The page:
Last Updated on May 5, 2015, by eNotes Editorial. Word Count: 355
Readers should note that the British version of Greybeard restores material cut from the U.S. version. Greybeard is unusual among the many novels about the aftermath of a global holocaust because its tone is melancholy rather than horrific. People discover the scope and scale of the disaster very slowly. Most...
(The entire section contains 355 words.)
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- Critical Essays
Readers should note that the British version of Greybeard restores material cut from the U.S. version. Greybeard is unusual among the many novels about the aftermath of a global holocaust because its tone is melancholy rather than horrific. People discover the scope and scale of the disaster very slowly. Most continue to strive to create comfortable day-to-day lives, more disturbed by the death of their own dreams than by the end of their species.
Civilization devolves stage by stage toward a pastoral existence as humanity begins to die out. The natural world flourishes. When people see half-and near-human beasts in the fields and forests, they are more than willing to believe. As rationality dies, the myths of a golden age are reborn; humanity hopes, however foolishly, for another chance.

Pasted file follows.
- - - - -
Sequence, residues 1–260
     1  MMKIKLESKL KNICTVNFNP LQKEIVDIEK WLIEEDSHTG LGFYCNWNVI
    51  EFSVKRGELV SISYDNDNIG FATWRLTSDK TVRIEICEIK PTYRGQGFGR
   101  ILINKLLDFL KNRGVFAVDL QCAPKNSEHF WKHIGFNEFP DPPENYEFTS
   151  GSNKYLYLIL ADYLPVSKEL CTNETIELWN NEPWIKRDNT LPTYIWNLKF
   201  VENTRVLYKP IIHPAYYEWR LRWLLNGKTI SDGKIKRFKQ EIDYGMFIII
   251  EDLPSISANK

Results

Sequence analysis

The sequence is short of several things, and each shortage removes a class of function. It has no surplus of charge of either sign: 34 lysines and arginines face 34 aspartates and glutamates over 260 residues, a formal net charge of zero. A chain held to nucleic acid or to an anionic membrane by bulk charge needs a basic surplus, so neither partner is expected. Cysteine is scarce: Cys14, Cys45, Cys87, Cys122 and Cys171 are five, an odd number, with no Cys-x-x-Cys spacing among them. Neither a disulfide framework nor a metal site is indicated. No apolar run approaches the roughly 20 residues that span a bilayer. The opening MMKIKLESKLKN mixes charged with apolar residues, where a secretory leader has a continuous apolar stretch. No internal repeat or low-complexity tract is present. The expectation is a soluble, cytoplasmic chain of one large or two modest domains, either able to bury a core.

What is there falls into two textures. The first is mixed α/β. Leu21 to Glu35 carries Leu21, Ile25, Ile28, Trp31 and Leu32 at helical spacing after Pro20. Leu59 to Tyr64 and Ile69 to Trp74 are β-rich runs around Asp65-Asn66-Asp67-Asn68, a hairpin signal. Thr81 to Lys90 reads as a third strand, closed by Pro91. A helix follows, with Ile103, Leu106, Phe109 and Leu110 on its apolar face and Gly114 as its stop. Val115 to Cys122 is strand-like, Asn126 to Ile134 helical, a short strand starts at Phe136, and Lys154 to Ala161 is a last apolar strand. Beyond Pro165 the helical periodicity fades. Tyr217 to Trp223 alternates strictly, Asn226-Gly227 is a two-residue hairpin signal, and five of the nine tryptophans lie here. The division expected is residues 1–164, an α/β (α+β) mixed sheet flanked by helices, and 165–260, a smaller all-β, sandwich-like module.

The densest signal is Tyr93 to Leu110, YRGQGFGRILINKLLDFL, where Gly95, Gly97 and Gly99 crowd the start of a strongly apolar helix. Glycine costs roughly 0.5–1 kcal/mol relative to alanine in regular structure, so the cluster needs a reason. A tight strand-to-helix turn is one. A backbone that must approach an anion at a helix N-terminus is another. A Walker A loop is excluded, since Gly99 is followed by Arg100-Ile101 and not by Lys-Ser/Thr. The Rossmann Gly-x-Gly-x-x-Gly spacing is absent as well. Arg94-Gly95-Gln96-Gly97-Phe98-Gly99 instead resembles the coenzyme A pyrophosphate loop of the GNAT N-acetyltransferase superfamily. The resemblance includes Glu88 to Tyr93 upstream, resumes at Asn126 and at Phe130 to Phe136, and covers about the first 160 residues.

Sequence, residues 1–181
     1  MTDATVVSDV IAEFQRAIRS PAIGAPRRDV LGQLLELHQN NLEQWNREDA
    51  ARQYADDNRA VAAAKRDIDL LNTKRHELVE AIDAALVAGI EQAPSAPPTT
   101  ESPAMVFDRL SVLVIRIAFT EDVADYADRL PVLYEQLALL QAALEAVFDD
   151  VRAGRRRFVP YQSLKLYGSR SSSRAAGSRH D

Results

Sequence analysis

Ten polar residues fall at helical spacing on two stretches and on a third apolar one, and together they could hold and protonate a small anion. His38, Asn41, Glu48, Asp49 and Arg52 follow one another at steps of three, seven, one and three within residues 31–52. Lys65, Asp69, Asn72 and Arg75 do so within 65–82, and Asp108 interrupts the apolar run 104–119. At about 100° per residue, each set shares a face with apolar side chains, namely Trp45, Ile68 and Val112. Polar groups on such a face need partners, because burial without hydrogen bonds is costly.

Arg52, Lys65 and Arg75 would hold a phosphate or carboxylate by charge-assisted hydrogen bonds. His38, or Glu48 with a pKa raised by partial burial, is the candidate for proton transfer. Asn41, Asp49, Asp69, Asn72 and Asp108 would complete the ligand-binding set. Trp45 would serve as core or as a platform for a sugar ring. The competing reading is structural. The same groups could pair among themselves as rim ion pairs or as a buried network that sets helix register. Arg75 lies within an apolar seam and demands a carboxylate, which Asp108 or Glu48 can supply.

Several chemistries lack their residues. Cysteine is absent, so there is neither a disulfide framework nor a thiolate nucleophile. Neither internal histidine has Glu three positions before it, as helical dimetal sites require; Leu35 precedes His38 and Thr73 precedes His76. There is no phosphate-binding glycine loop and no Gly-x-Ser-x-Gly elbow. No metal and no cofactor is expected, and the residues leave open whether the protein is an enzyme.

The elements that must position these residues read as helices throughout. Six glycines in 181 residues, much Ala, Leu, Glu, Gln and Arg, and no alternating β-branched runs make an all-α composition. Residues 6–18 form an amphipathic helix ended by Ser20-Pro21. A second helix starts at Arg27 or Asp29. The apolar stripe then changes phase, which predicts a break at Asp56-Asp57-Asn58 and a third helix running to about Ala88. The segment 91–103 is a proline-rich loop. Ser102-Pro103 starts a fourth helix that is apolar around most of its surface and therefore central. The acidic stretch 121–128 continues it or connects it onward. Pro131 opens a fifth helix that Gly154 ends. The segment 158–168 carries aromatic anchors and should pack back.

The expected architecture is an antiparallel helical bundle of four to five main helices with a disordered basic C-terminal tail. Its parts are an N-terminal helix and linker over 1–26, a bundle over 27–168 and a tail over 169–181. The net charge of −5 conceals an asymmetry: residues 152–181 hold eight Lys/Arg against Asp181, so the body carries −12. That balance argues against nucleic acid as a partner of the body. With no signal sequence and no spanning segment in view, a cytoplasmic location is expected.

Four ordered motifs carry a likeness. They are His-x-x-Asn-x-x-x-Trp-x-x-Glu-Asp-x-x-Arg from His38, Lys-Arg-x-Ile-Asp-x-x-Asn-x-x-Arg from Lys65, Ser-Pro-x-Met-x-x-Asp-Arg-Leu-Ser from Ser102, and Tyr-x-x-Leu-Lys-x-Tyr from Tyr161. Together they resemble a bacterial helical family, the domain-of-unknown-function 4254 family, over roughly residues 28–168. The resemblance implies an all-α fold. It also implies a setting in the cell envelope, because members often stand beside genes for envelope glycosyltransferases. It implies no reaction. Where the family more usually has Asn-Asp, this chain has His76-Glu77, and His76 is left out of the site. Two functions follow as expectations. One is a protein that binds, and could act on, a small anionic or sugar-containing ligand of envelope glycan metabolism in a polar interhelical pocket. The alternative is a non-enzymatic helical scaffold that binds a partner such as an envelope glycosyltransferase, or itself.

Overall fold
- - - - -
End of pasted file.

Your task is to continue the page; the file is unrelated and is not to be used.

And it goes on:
Even Greybeard, always striving to be in command of himself and those around him, is joyful when he discovers that his rejection of hope as unreasonable is wrong and that humanity does have a future. The story ends on a note of optimism, although it is not clear whether a new age is beginning or an old one is being renewed.
In what is possibly his finest science-fiction novel, Brian Aldiss tells the story in a nonlinear way. The four sections in Greybeards present are linked by their setting on the river and move forward in time. The three flashbacks journey further and further into the novels past, establishing the history of a once-familiar world fatally disrupted. Each shift from present to past alters the readers perception of previous events. When humanitys last children discover the first members of the new generation, the resolution is logical and yet surprising.
Aldiss uses small scale, tight focus, and a long time span to personalize a common science-fiction theme. The book shows his characteristic interests in fertility, order versus chaos, and dislocations of perception. Fond of experimenting with literary techniques, Aldiss sometimes favors effects over a clear narrative; however, in Greybeard he is restrained. Although the telling becomes complicated by the changes in time from present to flashback, this is a simple tale, told in a satisfying manner.